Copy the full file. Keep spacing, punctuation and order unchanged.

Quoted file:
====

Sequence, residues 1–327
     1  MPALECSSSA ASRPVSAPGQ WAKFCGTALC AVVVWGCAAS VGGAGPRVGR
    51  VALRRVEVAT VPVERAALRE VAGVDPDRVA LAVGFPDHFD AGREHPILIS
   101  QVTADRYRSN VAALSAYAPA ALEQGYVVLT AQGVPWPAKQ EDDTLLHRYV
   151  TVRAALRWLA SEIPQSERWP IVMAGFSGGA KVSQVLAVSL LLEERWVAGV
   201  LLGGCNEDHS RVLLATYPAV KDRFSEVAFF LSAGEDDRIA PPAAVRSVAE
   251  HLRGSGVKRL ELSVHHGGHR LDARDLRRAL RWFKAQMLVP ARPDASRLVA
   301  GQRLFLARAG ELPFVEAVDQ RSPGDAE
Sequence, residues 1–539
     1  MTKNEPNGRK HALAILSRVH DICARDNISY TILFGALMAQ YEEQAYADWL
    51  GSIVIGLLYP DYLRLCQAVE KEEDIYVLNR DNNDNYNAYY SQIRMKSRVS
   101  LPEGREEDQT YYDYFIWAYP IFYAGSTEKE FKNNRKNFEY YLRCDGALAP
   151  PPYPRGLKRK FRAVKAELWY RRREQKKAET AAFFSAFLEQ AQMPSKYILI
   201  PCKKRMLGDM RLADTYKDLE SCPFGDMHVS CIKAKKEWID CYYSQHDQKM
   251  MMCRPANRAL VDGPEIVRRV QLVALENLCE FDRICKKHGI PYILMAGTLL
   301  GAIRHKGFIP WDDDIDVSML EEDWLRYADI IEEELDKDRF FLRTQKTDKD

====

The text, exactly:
Sequence, residues 1–327
     1  MPALECSSSA ASRPVSAPGQ WAKFCGTALC AVVVWGCAAS VGGAGPRVGR
    51  VALRRVEVAT VPVERAALRE VAGVDPDRVA LAVGFPDHFD AGREHPILIS
   101  QVTADRYRSN VAALSAYAPA ALEQGYVVLT AQGVPWPAKQ EDDTLLHRYV
   151  TVRAALRWLA SEIPQSERWP IVMAGFSGGA KVSQVLAVSL LLEERWVAGV
   201  LLGGCNEDHS RVLLATYPAV KDRFSEVAFF LSAGEDDRIA PPAAVRSVAE
   251  HLRGSGVKRL ELSVHHGGHR LDARDLRRAL RWFKAQMLVP ARPDASRLVA
   301  GQRLFLARAG ELPFVEAVDQ RSPGDAE
Sequence, residues 1–539
     1  MTKNEPNGRK HALAILSRVH DICARDNISY TILFGALMAQ YEEQAYADWL
    51  GSIVIGLLYP DYLRLCQAVE KEEDIYVLNR DNNDNYNAYY SQIRMKSRVS
   101  LPEGREEDQT YYDYFIWAYP IFYAGSTEKE FKNNRKNFEY YLRCDGALAP
   151  PPYPRGLKRK FRAVKAELWY RRREQKKAET AAFFSAFLEQ AQMPSKYILI
   201  PCKKRMLGDM RLADTYKDLE SCPFGDMHVS CIKAKKEWID CYYSQHDQKM
   251  MMCRPANRAL VDGPEIVRRV QLVALENLCE FDRICKKHGI PYILMAGTLL
   301  GAIRHKGFIP WDDDIDVSML EEDWLRYADI IEEELDKDRF FLRTQKTDKD